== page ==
report abuse
 

Post a Comment

By submitting these comments, I agree to the beliefnet.com terms of service, rules of conduct and privacy policy (the "agreements"). I understand and agree that any content I post is licensed to beliefnet.com and may be used by beliefnet.com in accordance with the agreements.



Previous Posts

More Blogs To Enjoy!!!
Thank you for visiting Jesus Creed. This blog is no longer being updated. Please enjoy the archives. Here are some other blogs you may also enjoy: Red Letters with Tom Davis Recent prayer post on Prayables Most Recent Inspiration blog post Happy Reading!  

posted 11:15:58am Aug. 16, 2012 | read full post »

Our Common Prayerbook 30 - 3
Psalm 30 thanks God (vv. 1-3, 11-12) and exhorts others to thank God (vv. 4-5). Both emerge from the concrete reality of David's own experience. Here is what that experience looks like:Step one: David was set on high and was flourishing at the hand of God's bounty (v. 7a).Step two: David became too

posted 12:15:30pm Aug. 31, 2010 | read full post »

Theology After Darwin 1 (RJS)
One of the more important and more difficult pieces of the puzzle as we feel our way forward at the interface of science and faith is the theological implications of discoveries in modern science. A comment on my post Evolution in the Key of D: Deity or Deism noted: ...this reminds me of why I get a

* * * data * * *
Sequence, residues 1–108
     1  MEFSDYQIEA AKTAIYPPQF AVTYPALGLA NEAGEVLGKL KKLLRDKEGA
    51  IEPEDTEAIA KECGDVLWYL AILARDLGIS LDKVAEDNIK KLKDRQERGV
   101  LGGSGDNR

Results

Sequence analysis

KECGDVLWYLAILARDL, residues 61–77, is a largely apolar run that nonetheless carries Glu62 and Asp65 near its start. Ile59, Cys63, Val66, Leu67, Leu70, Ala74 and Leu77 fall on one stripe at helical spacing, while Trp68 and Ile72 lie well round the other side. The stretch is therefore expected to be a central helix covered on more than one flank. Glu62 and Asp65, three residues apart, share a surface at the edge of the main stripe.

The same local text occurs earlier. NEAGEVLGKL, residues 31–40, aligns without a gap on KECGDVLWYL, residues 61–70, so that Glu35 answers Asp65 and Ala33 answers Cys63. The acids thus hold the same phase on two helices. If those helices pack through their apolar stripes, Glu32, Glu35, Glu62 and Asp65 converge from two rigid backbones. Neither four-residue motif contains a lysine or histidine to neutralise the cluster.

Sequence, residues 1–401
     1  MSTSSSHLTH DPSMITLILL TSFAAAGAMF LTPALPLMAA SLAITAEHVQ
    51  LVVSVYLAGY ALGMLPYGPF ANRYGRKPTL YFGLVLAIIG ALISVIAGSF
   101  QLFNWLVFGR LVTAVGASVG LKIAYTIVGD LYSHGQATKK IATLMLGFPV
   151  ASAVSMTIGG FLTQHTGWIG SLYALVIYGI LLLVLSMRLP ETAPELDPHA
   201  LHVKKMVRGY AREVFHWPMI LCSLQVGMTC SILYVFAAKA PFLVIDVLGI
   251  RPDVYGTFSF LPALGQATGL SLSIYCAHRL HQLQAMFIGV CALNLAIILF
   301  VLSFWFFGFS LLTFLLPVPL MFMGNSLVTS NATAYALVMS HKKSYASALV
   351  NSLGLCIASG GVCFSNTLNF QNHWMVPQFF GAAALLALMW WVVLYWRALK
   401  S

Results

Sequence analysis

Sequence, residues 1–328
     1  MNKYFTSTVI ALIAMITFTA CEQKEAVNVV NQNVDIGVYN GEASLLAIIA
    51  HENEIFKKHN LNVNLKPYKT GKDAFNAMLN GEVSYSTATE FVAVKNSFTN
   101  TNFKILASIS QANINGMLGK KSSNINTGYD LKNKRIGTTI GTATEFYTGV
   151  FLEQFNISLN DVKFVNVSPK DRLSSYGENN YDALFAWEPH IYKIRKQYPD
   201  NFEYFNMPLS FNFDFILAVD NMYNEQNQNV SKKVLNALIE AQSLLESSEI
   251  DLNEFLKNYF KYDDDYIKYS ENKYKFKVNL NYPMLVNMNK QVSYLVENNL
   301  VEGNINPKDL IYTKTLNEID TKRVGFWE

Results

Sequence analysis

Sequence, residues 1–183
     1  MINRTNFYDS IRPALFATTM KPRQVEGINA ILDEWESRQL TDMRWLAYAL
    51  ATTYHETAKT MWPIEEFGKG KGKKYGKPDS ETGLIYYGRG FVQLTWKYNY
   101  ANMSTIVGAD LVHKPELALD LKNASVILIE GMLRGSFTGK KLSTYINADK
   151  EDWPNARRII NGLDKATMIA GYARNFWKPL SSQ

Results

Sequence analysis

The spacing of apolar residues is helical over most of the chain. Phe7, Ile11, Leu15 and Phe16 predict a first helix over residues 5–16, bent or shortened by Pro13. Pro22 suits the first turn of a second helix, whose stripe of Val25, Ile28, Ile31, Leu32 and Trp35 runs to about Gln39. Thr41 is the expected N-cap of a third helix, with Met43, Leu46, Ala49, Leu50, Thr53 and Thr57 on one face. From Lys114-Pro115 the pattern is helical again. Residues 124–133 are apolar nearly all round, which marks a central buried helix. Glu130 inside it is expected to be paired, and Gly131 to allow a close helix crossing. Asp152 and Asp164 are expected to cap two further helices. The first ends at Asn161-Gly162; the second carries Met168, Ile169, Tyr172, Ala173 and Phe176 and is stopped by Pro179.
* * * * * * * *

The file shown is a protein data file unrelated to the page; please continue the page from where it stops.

posted 6:01:52am Aug. 31, 2010 | read full post »

Almost Christian 4
Who does well when it comes to passing on the faith to the youth? Studies show two groups do really well: conservative Protestants and Mormons; two groups that don't do well are mainline Protestants and Roman Catholics. Kenda Dean's new book is called Almost Christian: What the Faith of Ou

posted 12:01:53am Aug. 31, 2010 | read full post »

Let's Get Neanderthal!
The Cave Man Diet, or Paleo Diet, is getting attention. (Nothing is said about Culver's at all.) The big omission, I have to admit, is that those folks were hunters -- using spears or smacking some rabbit upside the conk or grabbing a fish or two with their hands ... but that's what makes this diet

posted 2:05:48pm Aug. 30, 2010 | read full post »




Report as Inappropriate

You are reporting this content because it violates the Terms of Service.

All reported content is logged for investigation.